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Introductie Windows Server 2016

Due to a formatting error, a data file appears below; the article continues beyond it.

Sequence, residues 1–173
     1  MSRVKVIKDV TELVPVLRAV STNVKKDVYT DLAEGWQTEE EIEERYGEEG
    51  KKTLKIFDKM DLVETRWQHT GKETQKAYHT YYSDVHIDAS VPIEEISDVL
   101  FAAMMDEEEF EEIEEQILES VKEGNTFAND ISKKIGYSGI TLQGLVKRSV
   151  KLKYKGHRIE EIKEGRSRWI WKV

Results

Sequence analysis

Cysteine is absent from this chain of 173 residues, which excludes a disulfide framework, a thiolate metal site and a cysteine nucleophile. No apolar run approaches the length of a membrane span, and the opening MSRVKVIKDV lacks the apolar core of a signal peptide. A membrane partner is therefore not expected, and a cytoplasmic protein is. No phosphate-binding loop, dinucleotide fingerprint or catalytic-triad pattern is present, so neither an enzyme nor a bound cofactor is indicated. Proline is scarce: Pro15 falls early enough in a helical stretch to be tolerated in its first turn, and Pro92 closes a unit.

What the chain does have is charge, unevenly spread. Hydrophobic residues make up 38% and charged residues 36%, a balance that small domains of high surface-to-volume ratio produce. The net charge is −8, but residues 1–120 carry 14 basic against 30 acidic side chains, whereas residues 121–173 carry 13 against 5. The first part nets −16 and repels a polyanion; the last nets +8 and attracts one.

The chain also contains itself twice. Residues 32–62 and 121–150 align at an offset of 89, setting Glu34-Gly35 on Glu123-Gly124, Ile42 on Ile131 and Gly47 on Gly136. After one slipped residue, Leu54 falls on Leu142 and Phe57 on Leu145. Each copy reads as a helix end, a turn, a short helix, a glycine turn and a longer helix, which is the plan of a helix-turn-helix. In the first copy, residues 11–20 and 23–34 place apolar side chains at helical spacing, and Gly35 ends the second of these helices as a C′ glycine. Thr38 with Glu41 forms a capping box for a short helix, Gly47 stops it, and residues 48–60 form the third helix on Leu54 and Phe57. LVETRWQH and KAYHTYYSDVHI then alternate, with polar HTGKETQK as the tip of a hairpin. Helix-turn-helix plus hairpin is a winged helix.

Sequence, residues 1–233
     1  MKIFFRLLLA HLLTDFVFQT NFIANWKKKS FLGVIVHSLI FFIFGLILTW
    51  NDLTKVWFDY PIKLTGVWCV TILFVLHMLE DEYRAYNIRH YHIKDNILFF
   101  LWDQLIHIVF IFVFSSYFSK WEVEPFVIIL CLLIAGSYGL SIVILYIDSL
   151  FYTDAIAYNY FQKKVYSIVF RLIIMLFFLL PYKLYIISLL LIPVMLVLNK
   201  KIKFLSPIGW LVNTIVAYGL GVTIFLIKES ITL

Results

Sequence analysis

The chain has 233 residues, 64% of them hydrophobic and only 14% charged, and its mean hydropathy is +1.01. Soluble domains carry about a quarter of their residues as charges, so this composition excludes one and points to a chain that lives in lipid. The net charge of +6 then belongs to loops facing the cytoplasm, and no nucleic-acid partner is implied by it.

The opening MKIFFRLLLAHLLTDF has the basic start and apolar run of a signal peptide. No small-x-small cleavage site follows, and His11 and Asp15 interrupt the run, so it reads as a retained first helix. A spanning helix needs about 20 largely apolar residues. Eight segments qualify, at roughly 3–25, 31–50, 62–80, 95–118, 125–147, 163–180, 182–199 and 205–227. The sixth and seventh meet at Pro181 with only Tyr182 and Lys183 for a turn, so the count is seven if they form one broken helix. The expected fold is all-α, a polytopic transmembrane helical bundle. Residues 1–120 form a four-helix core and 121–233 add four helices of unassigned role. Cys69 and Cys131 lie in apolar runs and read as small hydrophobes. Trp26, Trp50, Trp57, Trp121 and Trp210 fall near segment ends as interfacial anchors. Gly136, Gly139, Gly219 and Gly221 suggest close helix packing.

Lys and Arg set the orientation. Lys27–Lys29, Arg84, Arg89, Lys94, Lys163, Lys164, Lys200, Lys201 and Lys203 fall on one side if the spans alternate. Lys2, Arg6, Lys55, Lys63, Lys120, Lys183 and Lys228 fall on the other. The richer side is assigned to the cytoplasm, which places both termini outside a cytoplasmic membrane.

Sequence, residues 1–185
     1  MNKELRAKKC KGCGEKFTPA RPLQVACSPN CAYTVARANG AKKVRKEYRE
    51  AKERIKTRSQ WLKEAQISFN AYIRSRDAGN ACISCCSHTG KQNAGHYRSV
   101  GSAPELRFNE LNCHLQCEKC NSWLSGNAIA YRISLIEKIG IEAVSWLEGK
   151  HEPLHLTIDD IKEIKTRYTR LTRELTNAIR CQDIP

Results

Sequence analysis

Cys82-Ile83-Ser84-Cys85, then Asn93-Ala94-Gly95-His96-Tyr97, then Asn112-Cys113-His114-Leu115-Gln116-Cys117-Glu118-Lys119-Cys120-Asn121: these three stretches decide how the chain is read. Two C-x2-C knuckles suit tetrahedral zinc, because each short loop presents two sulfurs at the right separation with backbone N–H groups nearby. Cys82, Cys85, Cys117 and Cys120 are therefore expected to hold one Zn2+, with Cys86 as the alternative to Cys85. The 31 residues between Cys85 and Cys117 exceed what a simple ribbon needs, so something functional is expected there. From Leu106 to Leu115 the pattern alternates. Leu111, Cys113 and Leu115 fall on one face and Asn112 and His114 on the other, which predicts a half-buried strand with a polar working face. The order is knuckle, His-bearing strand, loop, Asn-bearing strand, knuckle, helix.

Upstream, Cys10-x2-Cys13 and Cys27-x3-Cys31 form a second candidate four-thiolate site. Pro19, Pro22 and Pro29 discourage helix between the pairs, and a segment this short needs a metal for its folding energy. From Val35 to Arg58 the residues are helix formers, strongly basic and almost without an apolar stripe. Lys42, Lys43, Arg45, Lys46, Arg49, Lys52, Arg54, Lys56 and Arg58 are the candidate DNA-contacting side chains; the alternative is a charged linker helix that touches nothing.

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22 C H A P T E R 2 | Compute [=== Microsoft-Windows-ClusterAwareUpdating/Admin logs ===] All events from the Microsoft-Windows-ClusterAwareUpdating/Admin channel that gives you information about Cluster Aware Updating [=== Microsoft-Windows-FailoverClustering/DiagnosticVerbose ===] This is actually a new event channel that gives you the similar output as Debug Level 5 for a Cluster Log without having to set it. You can use this information to get deeper into the calls and goings on with the cluster and gives it in a more verbose output. [=== Cluster Logs ===] This is the output that you normally see in a cluster log. Clearly, there is a lot to this log now. Using this one log can reduce the time you spend looking for information or trying to resolve an issue. Instead of having to review three or more files that might be loaded in three different applications with their own formats, you now need only review one file. The other useful thing about the log is that if you generate it with no switches, everything in an event channel (for example, the System Event) is shown. So you can actually get any history pertaining to a particular problem. In cases for which you can reproduce an error condition and do not need all of the history, you can generate a log for the past five minutes (TimeSpan=5). Helpfully, the new cluster log uses this same five-minute time span for all of the event channels and gives you only those, so you don't need to deal with an unnecessarily large file. Active memory dump Another new feature as it relates to diagnostics is the ability to capture memory dumps. Imagine that you have a big Hyper-V cluster and each of the nodes has 512 GB of memory. If the node is having an issue and you create a memory dump that contains both user and kernel mode memory, that memory dump is going to be over 512 GB. Trying to work with a file that size can be a nightmare. First, you need to ensure that you have a drive with enough free space to hold a file of that size. You then need to spend hours zipping, uploading, and unzipping before you can even begin to open it. If the problem is with the host server itself and you are running VMs that use 500 GB of that memory, this is information that you don't need, because it does not pertain to the host. Because of this, there is a new dump setting called Active Memory Dump. This setting captures only the memory that the host is actually using. If the host is actively using only 5 GB of memory, a 5-GB memory dump is what will be created. This smaller dump is much easier to parse than the 512-GB file in the previous scenario. The Active Memory Dump option is in the same location as the normal dump settings, in the Startup And Recovery dialog box of the System Properties, as shown in Figure 2-11.

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